Since Arizona voters approved Proposition 203 in November of 2010 I have talked to many people who were interested in obtaining a license to grow marijuana and sell it in an Arizona medical marijuana dispensary.  In general these people fall into two categories: (1) people whose primary goal is to provide medicine to patients, and (2) people who want to make a lot of money.  When I mention to the people in category 2 that all Arizona medical marijuana dispensaries must be operated on a not-for-profit basis they usually say I know, but I’m going to form one or more companies to provide services to the dispensary to move money from the dispensary to the for profit companies.

In theory this seems like a reasonable plan that could work, but I suspect that in practice most category 2 people will be “over paying” for services rendered by a for profit company to the category 2 person’s not-for-profit dispensary.  Let’s consider two scenarios and compare the results.

Scenario 1:  AZ Medical Marijuana Dispensary, LLC (“AMMD”), has a license to operate an Arizona medical marijuana dispensary.  It is owned equally by Homer Simpson and Ned Flanders.  The total cost for salaries, bonuses, employee benefits, payroll taxes and expenses for all of AMMD’s personnel for the first year of its business is $X, which amount can be deducted from AMMD’s gross income for the purposes of determining if AMMD is a not-for-profit dispensary as required by Arizona’s medical marijuana laws.  Whether any portion of this amount is deductible from AMMD’s federal income tax return depends on Internal Revenue Code Section 280E.

Scenario 2:  Same facts as Scenario 1 except Homer and Ned form Suck Off the Profits, LLC (“SOTP”), an employee leasing company that employs and leases to AMMD all personnel needed by AMMD to operate AMMD’s dispensary business.  SOTH bills AMMD $X times 3.  In computing its not-for-profit bottom line for Arizona medical marijuana dispensary requirements AMMD now can reduce its gross income by the cost of its leased personnel = $3X instead of $X.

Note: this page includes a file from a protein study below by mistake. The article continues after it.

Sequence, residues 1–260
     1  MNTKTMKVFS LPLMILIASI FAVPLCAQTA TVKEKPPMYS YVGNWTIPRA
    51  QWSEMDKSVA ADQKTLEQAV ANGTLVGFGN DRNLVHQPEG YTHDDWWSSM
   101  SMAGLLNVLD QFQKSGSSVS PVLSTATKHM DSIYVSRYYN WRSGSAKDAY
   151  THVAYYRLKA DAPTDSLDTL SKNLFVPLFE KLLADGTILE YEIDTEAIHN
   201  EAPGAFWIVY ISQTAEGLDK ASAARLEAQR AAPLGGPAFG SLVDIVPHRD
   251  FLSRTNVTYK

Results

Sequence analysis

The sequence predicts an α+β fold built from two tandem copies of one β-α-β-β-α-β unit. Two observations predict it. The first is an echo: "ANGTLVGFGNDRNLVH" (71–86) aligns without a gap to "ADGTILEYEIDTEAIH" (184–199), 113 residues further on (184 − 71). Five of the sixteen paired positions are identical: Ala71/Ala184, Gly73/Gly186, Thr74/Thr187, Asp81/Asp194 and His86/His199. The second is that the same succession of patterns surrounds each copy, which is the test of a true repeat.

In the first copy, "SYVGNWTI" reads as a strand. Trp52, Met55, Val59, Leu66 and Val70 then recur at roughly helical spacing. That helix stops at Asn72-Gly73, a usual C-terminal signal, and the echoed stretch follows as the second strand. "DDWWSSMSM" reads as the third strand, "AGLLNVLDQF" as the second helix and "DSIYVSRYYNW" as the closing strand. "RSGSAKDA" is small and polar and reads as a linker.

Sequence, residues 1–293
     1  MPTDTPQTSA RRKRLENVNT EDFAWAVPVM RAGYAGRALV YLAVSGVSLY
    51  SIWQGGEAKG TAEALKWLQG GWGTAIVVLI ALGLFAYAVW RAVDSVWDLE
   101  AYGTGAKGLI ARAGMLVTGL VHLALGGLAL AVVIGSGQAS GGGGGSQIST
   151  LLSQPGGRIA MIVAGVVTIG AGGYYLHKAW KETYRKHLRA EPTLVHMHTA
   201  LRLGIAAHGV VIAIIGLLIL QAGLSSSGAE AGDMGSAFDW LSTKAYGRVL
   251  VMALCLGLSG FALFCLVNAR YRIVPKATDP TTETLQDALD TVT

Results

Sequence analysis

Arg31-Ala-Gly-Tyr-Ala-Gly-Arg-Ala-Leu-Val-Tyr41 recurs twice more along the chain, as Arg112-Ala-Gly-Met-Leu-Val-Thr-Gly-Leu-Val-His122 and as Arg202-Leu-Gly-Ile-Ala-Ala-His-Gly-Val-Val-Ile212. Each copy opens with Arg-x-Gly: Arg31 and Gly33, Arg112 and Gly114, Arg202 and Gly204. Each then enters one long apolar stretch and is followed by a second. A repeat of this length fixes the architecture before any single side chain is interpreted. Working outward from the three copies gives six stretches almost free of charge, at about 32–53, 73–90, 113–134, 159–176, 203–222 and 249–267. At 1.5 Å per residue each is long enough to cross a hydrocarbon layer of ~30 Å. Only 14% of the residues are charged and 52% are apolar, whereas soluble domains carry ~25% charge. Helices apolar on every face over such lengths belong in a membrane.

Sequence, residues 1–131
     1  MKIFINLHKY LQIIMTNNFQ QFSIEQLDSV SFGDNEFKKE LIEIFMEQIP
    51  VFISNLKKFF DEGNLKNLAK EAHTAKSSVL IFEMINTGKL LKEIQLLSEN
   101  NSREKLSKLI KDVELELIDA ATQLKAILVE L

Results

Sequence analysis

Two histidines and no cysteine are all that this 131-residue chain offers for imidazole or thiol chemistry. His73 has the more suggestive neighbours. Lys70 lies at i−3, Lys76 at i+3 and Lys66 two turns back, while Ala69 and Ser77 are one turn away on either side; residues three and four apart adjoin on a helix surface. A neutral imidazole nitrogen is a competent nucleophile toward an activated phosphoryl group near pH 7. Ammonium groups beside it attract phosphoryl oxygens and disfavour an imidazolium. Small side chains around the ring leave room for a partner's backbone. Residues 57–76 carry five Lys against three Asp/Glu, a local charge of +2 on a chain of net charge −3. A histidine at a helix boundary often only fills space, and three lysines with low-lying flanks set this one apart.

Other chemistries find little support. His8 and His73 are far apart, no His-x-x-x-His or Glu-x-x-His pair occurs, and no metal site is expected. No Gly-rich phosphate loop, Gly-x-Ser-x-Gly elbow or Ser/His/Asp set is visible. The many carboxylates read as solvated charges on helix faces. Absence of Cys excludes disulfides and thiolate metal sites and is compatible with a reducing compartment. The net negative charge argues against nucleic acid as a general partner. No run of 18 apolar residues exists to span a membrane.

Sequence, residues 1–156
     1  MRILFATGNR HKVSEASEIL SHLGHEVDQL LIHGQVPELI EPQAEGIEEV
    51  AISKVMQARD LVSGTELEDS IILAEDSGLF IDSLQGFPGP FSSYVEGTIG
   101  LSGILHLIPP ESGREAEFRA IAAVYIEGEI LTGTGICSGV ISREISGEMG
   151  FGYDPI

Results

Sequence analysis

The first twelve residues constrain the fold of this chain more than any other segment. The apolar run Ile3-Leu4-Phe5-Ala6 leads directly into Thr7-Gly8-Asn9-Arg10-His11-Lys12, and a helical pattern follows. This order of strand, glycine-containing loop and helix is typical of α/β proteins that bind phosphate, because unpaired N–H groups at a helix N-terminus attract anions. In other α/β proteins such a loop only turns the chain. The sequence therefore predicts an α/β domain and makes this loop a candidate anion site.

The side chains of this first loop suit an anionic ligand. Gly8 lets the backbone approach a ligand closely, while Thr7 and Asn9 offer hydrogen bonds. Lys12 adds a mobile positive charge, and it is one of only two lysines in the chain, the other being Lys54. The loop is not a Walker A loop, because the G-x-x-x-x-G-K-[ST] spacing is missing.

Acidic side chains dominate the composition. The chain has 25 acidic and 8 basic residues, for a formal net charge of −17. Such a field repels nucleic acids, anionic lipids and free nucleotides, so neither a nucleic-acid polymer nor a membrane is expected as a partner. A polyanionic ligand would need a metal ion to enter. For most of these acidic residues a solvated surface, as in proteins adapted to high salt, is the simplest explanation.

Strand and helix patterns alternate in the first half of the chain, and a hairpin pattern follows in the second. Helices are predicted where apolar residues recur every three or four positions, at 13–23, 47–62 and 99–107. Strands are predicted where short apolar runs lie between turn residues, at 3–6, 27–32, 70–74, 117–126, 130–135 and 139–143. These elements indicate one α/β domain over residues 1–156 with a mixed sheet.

In both scenarios AMMD must submit audited financial statements to the Arizona Department of Health Services.  These financial statements will disclose in the case of Scenario 1 that AMMD paid $3X to SOTP.  I suspect that ADHS will inquire into the ownership of SOTP and when it finds that Homer and Ned own both companies ADHS may claim that AMMD was not operated on a not-for-profit basis.  How will Homer and Ned explain why AMMD paid 3 times the actual cost of the employees to SOTP?  Homer and Ned may think ADHS is stupid, but if so, that would be a big mistake that could lead to the loss of AMMD’s license to operate an Arizona medical marijuana dispensary.

However, AMMD’s loss of its license to operate an Arizona medical marijuana dispensary might be the least of its worries.  Don’t you think that the federal law enforcement agencies will get copies of the audited financial statements of every Arizona medical marijuana dispensary and do their own investigations as to whether Arizona medical marijuana dispensaries are operated on a not-for-profit basis?  Evidence that a dispensary is a money making machine is a good way to entice the feds to bust your medical marijuana dispensary.